- The Washington Times - Sunday, August 7, 2005

Secular failure

“With the development of modern science, all America’s religions faced an increasing challenge from secularism, a term coined in the 1840s by a British freethinker, Jacob Holyoake, but that did not enter common American usage until the 1880s and 1890s. Non-believers such as Robert Ingersoll lectured around the country pointing out the foibles of religion, while scientists and university presidents endorsed the priority of reason over faith. Ultimately secularism reached its assumed triumph in 1925 when Clarence Darrow bested William Jennings Bryan at the Scopes trial, immortalized for generations after by the play and movie ‘Inherit the Wind.’

“Except that Darrow did not win the case at hand; Bryan did. Not only was Scopes found guilty, but Darrow’s secularism never recovered, and conservative Christianity began its long march into the American presidency. This is not what we usually think about these matters; the world is supposed to have become more oriented to science as it has become more modern, yet the United States has seemed to take the opposite path.”

Alan Wolfe, writing on “The State of the Church-State Debate,” Aug. 1 in Slate at www.slate.com

Just asking

“I often wonder what the exact distance is that an illegal alien who crosses our border from Mexico must travel into our nation before becoming an ‘undocumented worker.’

“Think about it. Brave Border Patrol Agents risk and lose their lives to apprehend literally thousands of illegal aliens each day, while politicians, bankers, criminal employers and such all-American groups as La Raza must wait until the illegals are somehow magically transformed into oppressed victims and a ‘burgeoning market.’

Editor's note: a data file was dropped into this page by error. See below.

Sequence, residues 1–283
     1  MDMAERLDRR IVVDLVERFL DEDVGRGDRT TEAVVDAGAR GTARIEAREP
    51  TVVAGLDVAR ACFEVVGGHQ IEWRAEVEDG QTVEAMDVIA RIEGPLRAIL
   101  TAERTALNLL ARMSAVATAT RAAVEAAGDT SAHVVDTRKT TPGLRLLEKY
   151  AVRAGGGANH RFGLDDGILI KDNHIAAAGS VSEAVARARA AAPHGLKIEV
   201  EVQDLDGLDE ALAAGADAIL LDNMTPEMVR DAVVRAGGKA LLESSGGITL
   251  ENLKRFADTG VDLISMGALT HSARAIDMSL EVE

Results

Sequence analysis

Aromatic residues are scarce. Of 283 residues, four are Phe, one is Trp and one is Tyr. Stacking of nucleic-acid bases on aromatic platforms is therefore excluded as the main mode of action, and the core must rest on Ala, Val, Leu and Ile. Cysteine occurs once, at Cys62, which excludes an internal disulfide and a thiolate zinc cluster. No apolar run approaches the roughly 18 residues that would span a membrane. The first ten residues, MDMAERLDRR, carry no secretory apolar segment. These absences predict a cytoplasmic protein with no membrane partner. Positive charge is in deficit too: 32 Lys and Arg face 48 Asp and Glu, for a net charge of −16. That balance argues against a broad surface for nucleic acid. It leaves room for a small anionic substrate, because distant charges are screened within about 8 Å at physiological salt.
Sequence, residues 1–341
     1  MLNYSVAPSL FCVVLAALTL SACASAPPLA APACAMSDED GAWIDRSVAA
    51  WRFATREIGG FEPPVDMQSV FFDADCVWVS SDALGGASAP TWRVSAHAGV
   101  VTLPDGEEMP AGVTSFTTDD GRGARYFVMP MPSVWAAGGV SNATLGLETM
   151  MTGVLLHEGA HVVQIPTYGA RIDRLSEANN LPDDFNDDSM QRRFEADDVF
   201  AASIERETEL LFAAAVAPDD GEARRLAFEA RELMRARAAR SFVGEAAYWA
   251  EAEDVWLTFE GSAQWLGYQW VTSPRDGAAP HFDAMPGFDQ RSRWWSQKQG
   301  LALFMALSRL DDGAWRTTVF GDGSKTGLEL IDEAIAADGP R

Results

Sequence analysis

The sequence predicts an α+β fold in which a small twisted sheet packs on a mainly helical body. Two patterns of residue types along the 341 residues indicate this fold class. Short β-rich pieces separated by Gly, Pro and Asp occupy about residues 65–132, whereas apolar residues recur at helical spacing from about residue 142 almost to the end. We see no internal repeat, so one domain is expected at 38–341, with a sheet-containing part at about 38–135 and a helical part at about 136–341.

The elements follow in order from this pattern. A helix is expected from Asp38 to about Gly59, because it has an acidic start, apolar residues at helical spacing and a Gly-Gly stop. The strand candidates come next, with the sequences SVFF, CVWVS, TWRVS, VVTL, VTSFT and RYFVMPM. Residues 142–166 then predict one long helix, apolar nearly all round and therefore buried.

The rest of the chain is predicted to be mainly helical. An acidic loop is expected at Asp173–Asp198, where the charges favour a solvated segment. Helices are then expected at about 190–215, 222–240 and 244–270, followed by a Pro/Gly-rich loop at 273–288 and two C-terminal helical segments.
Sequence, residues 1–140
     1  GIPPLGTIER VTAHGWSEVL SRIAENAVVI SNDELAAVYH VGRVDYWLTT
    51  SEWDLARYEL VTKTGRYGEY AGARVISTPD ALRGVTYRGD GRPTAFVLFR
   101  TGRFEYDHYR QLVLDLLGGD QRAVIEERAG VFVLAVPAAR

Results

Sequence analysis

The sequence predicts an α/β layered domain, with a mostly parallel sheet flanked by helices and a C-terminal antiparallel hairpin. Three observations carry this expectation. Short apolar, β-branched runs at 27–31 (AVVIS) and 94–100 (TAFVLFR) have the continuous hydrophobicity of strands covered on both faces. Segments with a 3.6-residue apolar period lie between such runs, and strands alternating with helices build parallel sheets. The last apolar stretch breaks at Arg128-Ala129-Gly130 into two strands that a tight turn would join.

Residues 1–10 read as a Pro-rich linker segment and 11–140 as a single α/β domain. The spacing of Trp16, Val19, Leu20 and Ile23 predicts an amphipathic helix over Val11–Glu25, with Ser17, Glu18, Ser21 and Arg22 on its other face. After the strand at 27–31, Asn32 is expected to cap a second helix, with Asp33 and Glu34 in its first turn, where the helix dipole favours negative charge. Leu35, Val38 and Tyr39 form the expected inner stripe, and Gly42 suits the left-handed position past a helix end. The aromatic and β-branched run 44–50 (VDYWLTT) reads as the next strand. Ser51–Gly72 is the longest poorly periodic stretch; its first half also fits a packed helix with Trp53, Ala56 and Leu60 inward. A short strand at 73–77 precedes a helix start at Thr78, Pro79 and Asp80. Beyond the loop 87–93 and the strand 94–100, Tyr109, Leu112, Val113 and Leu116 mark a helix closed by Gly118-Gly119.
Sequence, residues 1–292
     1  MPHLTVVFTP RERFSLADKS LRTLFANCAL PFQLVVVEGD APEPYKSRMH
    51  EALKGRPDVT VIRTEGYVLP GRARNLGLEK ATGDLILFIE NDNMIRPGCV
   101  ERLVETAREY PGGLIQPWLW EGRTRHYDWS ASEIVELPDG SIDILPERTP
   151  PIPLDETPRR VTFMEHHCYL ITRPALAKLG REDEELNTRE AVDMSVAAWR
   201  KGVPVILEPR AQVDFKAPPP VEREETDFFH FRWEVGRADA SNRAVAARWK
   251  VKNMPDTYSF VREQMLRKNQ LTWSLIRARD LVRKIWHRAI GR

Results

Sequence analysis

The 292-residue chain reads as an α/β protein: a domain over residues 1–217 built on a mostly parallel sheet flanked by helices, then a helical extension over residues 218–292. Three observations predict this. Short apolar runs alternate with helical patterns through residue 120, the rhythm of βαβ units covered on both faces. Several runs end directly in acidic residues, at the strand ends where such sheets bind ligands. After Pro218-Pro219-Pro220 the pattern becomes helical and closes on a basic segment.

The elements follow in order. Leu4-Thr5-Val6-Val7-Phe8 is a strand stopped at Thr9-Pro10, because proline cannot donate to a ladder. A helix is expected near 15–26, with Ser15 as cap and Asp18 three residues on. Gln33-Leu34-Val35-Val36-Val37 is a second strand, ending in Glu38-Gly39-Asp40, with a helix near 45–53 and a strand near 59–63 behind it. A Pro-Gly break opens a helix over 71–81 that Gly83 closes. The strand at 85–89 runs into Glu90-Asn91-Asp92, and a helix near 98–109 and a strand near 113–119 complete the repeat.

“At what distance from the barbed wire does that transformation take place? …

“If I was one of the many who profit from the millions of illegal workers in this country, I would seriously consider putting up a shelter with a sign — ‘day-labor center’ — just inches over the border. … The victims of geography could then crawl under the wire and presto … get the same ‘rights’ as someone who has made it all the way to my hometown [Marietta, Ga.].

“People transport, hire, shelter and encourage illegal aliens like crazy here. Nobody arrests the federal felons — ever.”

D.A. King, writing on “How Far Is It From Illegal To Undocumented?” July 30 at www.vdare.com

PBS pattern

“Rather than develop exciting new programs, public broadcasting has copycatted commercial television with regrettable results. Rather than adhere to its core educational mission, it has opted for ‘soft’ education in programs like ‘Postcards from Buster,’ that is, programs with no educational value at all. …

“The pattern is clear. Public broadcasting fails to move, and more agile competitors, like Discovery or the History Channel … forge ahead. Some years ago ‘The American Experience’ parted company with the distinguished historian David McCullough, who had acted as that series’ host for a decade. He is now advising HBO as it enters Fall 2005 production of ‘John Adams,’ a 14-part series produced by Tom Hanks. …

“Until public broadcasting signals that it can provide entertaining and demonstrably educational programming for television, the Internet, and the classroom, public broadcasting does not deserve to be treated as a sustainable enterprise.”

James MacGuire, writing on “What’s wrong with public broadcasting?” in the New Criterion at www.newcriterion.com

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